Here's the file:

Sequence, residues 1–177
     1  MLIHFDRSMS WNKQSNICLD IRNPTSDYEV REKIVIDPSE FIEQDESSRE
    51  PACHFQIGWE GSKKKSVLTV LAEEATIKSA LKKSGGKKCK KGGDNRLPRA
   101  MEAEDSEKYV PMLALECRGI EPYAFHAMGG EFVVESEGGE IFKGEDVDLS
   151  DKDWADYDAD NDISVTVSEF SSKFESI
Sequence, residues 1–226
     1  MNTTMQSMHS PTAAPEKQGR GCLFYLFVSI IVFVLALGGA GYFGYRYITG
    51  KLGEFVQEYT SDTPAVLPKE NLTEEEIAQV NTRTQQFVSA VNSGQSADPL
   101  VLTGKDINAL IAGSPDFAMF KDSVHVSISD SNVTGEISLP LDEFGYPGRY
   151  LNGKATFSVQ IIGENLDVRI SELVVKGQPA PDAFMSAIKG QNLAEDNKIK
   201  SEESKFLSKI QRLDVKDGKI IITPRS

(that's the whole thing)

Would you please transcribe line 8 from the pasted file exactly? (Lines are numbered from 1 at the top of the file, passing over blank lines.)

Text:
    51  KLGEFVQEYT SDTPAVLPKE NLTEEEIAQV NTRTQQFVSA VNSGQSADPL